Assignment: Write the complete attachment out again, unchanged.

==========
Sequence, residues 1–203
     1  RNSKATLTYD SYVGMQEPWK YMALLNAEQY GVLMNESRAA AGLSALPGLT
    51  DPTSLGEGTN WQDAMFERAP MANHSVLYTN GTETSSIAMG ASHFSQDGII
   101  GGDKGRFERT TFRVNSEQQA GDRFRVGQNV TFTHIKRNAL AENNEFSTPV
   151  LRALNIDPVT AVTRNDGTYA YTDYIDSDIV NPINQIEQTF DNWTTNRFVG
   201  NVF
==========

Sequence, residues 1–203
     1  RNSKATLTYD SYVGMQEPWK YMALLNAEQY GVLMNESRAA AGLSALPGLT
    51  DPTSLGEGTN WQDAMFERAP MANHSVLYTN GTETSSIAMG ASHFSQDGII
   101  GGDKGRFERT TFRVNSEQQA GDRFRVGQNV TFTHIKRNAL AENNEFSTPV
   151  LRALNIDPVT AVTRNDGTYA YTDYIDSDIV NPINQIEQTF DNWTTNRFVG
   201  NVF